The Dartmouth Observer
Monday, September 02, 2002
Zionism is Stupid: One Piss-Poor Jew's Thoughts
(Piss Poor in Terms of Jewishness, that is)
John Stevenson writes:
When I read it however, it convinces me that we (the poor, minorities, Zionists, fundamentalists) need to do a much better PR job if otherwise intellectual people are so utterly clueless.
How can one support Zionism?
1. The Jews have a biblical/historical claim to the land of Israel
("We were here first" argument)
2. The Jews have to be in Israel so my beliefs pretaining to the Apocalypse can come true
(Christian Fundamentalist argument)
Not being omniscient myself (yet), I will respond to any other compelling arguments as they reach my ears. However, until then:
"We were here first":
In the face of a sea of arbitrary choices, how does one where to draw the line after which this logic ceases to obtain? After we give Israel back to the Jews, let's give it back to the Canaanites, we'll give Australia back to the aborigines, all of Europe back to Indo-Europeans (Aryans, Celts, whatever, name em, you got em), North America back to the Native Americans (South America too), ad infinitum until we surrender the entire thing back to cloned dinosaurs with the caveat that they eventually must return it to single-celled organisms.
Of course, I've stretched the case to absurdity, but the entire question is absurd, given that there is no logical point at which to make the distinction between merited remission and silliness. I will grant my interlocutors that there are places where we are compelled by feelings to make distinctions, but we cannot make policy based upon feelings; it won't withstand scrutiny.
The argument cuts both ways. If we cannot decide when a historical event was "bad" (read: rectification necessary), then we cannot decide when it was "good," either. As regards history, we are unfortunately all in a glass house. Therefore, we can do nothing against the occupation of historic Palestine by Israel now that it has happened; it's history. If we can be neither for nor against, what shall we do? We shall realize that to have supported such an occupation in the first place might have been erroneous (and perhaps an example of policy based on immediate feelings that is now being cast into doubt by retrospective scrutiny), and work to rectify the consequences of said occupation without committing an equal blunder against the occupants. Therefore, when asked if I support Israel in its battle against terror as waged by a morally corrupt (and unfortunately influential) group of Palestinians, the answer is an emphatic "yes." When you ask me, however, what I think of the State of Israel, period, I'm a little more reserved. And if you pointedly ask me what I think of that Plymouth Rock landing there in the first place, I will tell you that Zionism seems a reprehensible idea which I cannot responsibly support, not by the "we were there first" logic, nor any other argument that I have yet to examine.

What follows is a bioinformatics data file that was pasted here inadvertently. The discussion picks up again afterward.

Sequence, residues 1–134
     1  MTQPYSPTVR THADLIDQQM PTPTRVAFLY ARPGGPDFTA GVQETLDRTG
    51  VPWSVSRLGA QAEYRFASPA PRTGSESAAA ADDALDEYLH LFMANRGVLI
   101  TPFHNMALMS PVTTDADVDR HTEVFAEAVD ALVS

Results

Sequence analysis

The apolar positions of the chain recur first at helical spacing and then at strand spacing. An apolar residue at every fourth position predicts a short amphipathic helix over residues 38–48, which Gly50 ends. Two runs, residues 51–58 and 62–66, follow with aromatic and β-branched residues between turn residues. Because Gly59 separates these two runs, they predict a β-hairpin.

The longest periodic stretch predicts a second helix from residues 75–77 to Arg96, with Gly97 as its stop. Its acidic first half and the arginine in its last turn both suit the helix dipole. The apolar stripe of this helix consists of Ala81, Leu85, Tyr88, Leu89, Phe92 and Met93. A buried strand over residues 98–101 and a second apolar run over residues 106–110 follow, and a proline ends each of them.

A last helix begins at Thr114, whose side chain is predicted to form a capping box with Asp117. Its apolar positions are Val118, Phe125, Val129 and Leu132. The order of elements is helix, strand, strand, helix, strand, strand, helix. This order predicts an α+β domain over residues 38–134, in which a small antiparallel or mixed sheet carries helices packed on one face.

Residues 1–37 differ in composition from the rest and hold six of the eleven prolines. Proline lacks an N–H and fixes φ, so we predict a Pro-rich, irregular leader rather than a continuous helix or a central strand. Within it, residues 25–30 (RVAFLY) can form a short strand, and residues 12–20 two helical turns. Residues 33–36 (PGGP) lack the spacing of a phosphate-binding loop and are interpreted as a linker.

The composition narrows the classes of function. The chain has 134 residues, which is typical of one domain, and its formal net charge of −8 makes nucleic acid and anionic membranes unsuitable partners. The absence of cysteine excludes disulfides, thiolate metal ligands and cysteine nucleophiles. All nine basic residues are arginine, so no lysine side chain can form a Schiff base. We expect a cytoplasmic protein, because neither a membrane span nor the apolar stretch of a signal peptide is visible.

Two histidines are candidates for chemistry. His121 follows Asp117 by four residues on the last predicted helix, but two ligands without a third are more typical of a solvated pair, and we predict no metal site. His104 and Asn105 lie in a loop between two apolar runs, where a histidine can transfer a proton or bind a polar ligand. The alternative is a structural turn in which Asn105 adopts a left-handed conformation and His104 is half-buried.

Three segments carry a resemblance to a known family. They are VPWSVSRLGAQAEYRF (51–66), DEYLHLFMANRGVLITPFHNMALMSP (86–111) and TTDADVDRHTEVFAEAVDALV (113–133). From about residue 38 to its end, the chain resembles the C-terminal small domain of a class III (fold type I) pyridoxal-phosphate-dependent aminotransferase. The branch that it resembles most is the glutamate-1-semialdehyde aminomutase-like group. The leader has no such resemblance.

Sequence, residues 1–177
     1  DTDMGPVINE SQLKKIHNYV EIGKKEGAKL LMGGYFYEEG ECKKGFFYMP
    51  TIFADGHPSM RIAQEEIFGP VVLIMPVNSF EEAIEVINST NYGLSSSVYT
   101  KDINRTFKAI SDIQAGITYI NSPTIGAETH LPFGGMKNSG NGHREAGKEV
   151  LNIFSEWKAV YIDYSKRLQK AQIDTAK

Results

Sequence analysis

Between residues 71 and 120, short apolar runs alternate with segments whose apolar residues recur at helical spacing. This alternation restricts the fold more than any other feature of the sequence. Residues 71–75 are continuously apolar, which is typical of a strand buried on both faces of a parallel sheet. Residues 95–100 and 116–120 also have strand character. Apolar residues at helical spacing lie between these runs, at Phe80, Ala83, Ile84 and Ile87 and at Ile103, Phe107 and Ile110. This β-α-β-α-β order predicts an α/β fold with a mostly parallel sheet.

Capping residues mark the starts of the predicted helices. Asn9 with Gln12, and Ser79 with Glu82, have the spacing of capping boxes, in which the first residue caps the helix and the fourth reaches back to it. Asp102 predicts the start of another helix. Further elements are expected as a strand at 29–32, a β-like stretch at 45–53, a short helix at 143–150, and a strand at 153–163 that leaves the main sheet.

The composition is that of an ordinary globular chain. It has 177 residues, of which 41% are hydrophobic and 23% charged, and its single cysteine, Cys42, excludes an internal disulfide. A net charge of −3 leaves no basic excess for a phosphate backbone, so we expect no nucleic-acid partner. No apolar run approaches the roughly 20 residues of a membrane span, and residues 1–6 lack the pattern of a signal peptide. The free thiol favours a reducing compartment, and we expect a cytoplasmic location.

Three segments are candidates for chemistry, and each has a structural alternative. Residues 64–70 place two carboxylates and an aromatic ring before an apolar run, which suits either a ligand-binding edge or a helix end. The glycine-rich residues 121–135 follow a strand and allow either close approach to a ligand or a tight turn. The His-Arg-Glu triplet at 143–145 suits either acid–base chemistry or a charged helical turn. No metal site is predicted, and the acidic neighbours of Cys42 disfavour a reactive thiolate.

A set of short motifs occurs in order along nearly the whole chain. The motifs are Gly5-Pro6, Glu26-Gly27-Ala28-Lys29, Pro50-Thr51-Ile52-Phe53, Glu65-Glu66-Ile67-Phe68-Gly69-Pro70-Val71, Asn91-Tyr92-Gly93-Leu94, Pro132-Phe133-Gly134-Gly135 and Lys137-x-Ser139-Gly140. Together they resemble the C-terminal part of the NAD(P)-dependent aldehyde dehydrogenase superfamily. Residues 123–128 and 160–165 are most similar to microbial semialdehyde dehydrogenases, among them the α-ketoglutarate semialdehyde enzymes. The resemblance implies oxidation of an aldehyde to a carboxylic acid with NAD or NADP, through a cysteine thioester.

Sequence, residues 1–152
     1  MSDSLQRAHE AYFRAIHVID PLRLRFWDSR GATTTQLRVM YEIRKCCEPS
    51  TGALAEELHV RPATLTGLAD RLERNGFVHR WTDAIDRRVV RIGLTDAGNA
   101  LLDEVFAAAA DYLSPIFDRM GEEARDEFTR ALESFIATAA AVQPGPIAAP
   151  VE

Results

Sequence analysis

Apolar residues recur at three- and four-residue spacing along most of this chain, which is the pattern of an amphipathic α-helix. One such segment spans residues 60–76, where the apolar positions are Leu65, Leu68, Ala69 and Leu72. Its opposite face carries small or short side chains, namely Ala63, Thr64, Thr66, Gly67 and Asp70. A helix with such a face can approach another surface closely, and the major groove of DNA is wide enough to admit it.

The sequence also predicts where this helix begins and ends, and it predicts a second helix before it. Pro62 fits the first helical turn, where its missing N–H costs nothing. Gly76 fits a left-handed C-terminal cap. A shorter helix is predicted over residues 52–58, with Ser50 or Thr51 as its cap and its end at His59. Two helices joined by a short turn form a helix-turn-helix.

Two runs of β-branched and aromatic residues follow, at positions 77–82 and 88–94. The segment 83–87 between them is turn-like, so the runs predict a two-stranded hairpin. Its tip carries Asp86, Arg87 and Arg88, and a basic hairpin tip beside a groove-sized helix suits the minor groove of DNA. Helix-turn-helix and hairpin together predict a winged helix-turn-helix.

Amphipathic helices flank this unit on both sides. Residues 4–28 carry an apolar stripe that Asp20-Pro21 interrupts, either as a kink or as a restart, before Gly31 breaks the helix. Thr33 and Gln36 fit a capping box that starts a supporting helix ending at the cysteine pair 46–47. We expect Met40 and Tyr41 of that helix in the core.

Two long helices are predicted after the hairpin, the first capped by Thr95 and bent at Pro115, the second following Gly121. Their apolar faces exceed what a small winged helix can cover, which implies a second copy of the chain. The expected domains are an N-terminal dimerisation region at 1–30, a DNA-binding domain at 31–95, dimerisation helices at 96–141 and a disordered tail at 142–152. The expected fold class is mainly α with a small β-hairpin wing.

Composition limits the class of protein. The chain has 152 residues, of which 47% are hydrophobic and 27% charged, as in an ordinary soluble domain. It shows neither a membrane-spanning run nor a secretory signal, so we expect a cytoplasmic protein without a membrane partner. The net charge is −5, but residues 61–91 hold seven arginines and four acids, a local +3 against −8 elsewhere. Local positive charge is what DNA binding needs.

Christian Fundamentalism and Israel: